• John Wick #2

    John Wick #2
    Released by: Dynamite Entertainment
    Released on: April 18th, 2017.
    Written by: Greg Pak
    Illustrated by: Giovanni Valletta
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    It’s been a few months since the first issue of John Wick hit the stands but this second installment of the comic book series from Dynamite Entertainment picks up the story nicely. Wick has wound up in El Paso and there finds The Continental. It’s much nicer on the inside, we learn, as Charon gives him the tour and explains the rules – the most important being no business is to be conducted on the hotel property.

    Their conversation is interrupted by the arrival of a beautiful woman named Maria. She knows of his skills, in fact, many of her own men have been permanently silenced by Wick. She sits with the two men and Charon mentions that he had been attacked by Pecos the night before – attacking a member of The Continental’s staff is a big no-no – but she says he’s no longer employed by the Russians and that he’s gone rogue. She also knows that Wick took him out, which he tells her was a ‘personal matter,’ just the type of thing, she assures him, that people in their line of business would do well to let go of.

    Wick leaves the hotel and from there we flashback to twelve years in the past. The Three Bills – Buffalo, Billy and Pecos – are blasting away at some targets. This happens as, in the present, Wick uses Pecos’ cell phone to text with Buffalo to put on the ruse that Pecos is still alive. And then he texts Billy. He’s going to pull a Yojimbo on them – so he feeds that local stray cats and then heads back to the abandoned building they know he hides out in, and he waits for the right time to drop the cat food tin…

    A nice follow up to the first issue, John Wick #2 gives you pretty much all you’d want from a good John Wick story. We get some snappy dialogue, some sexual tension and a whole lot of slick, stylish and completely gratuitous violence. Greg Pak has a good feel for the characters, writing Wick completely in keeping with how he was portrayed in the two films that preceded this comic. He’s cool, calm and calculating – effortlessly cool and ultimately very dangerous. Even when put on the spot by Maria he doesn’t crack. When Billy and Buffalo show up towards the end, he goes into killing machine mode - which is great because it offers the chance for loads of action, but the planning and the strategizing is, in many ways, the more interesting aspect of his character this issue. At the same time, Pak’s script also drops hints as to Wick’s mysterious past, elaborating just slightly on what happened before the events in the first movie. Not quite an origin tale, at least not yet, these aspects still helps to build character and is an asset to the story.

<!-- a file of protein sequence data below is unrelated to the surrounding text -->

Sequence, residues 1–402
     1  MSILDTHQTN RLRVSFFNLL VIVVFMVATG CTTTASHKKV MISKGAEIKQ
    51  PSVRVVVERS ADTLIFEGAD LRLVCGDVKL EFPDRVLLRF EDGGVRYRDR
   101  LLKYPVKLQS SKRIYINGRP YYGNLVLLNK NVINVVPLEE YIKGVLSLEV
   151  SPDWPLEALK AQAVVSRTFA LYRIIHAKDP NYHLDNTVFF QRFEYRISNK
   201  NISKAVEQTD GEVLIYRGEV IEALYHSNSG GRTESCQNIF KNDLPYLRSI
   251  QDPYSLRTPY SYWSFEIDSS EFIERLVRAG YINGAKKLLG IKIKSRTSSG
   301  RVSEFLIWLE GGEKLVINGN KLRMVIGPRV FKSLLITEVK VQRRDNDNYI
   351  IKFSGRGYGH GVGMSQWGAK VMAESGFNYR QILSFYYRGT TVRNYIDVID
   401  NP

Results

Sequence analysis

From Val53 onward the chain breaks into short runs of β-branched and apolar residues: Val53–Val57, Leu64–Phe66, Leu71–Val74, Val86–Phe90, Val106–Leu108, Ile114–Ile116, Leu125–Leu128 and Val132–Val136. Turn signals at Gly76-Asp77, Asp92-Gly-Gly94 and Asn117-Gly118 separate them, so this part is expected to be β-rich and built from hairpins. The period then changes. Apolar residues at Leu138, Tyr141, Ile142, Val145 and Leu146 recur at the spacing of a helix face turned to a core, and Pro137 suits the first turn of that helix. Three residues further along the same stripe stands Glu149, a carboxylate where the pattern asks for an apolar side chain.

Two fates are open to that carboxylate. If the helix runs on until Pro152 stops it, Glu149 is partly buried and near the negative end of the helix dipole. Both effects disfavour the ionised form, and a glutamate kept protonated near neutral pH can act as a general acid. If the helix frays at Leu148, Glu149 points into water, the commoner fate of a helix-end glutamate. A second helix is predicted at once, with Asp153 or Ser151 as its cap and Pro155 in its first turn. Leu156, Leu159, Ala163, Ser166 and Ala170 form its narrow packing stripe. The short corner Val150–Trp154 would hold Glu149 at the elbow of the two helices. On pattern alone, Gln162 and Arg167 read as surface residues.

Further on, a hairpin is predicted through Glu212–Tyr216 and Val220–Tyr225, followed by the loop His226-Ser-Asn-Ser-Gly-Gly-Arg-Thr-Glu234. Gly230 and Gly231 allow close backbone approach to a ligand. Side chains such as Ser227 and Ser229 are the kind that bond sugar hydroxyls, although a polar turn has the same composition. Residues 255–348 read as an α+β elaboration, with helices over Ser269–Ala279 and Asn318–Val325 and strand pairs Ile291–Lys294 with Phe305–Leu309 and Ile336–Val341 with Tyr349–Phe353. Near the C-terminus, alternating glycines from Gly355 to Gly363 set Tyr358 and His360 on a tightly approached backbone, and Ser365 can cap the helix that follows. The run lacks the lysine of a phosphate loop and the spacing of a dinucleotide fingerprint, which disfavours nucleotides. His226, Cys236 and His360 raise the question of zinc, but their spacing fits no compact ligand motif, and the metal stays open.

Giovanni Valletta’s artwork, nicely colored by David Curiel, is solid. He’s got an interesting style to his line work, it’s not hyper-detailed and it’s fairly thick, but it works well. Valletta portrays action quite nicely and does a fine job with facial expressions in medium and close-up panels. There are also some interesting ‘camera angles’ used throughout, sometimes evoking the widescreen cinematography used in the feature films, to give the book an appropriately cinematic look.

    This issue might be a few months late, but don’t let that put you off – if you dug the movies that inspired it, this new John Wick series should scratch that itch. Good stuff.